The Municipality of Amsterdam is taking its responsibility by playing a leading role in the transition. But we cannot make the difference alone. We also expect other parties to take up their part of the challenge. And we’ll help the city’s businesses as much as we can. For that reason, the Roadmap includes supportive measures for companies that want to develop sustainably and go beyond existing legal norms.
Various financial facilities are also being made available, such as subsidies and loans. If parties fail to take action or do too little, the municipality will ultimately turn to regulations. We certainly see a role here for the EU, too, and we are keen to work together.
Is there anything else you feel that I should know about Amsterdam’s ambitions in this area?
We are keen to work with other cities and the EU to achieve our ambitions. At present, we are trying to do this by inspiring, stimulating and facilitating. But this has its limits. If we don’t succeed in persuading parties, we will need legislation (and a level playing field), and that will also need to come from the EU. Take the incorporation of solar panels into buildings, for example, but also guidelines on new heating technologies, such as low-temperature waste heat (aquifer thermal energy or waste heat from datacentres). A lot of new infrastructure will be needed for this. We still need to design the new heating system: what role will the grid operator play, and what’s the situation regarding fair prices for consumers or new forms of governance?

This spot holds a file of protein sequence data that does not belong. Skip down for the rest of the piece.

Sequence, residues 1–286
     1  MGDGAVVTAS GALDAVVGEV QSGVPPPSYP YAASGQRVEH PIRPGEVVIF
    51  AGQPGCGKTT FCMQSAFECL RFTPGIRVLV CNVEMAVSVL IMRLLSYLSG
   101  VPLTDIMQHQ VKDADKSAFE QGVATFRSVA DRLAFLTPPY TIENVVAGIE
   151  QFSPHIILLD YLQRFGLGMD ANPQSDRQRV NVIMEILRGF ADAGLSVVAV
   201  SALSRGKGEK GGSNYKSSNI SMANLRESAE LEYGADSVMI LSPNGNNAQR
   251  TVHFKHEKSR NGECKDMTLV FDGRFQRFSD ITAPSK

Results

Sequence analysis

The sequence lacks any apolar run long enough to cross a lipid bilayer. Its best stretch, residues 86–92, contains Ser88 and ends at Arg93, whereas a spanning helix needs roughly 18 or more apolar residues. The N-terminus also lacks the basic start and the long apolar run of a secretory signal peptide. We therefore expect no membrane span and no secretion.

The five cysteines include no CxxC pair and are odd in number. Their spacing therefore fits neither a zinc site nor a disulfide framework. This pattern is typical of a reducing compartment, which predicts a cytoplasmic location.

The Climate Neutral Roadmap is primarily about the energy transition, but we’re also working on a strategy for the circular economy. Here, too, we see many areas where the EU can and should play a major role with a view to product design, an equal playing field for used materials and much more besides. I’d like to see the circular economy reflected in the green deal, and I hope we can work on this together.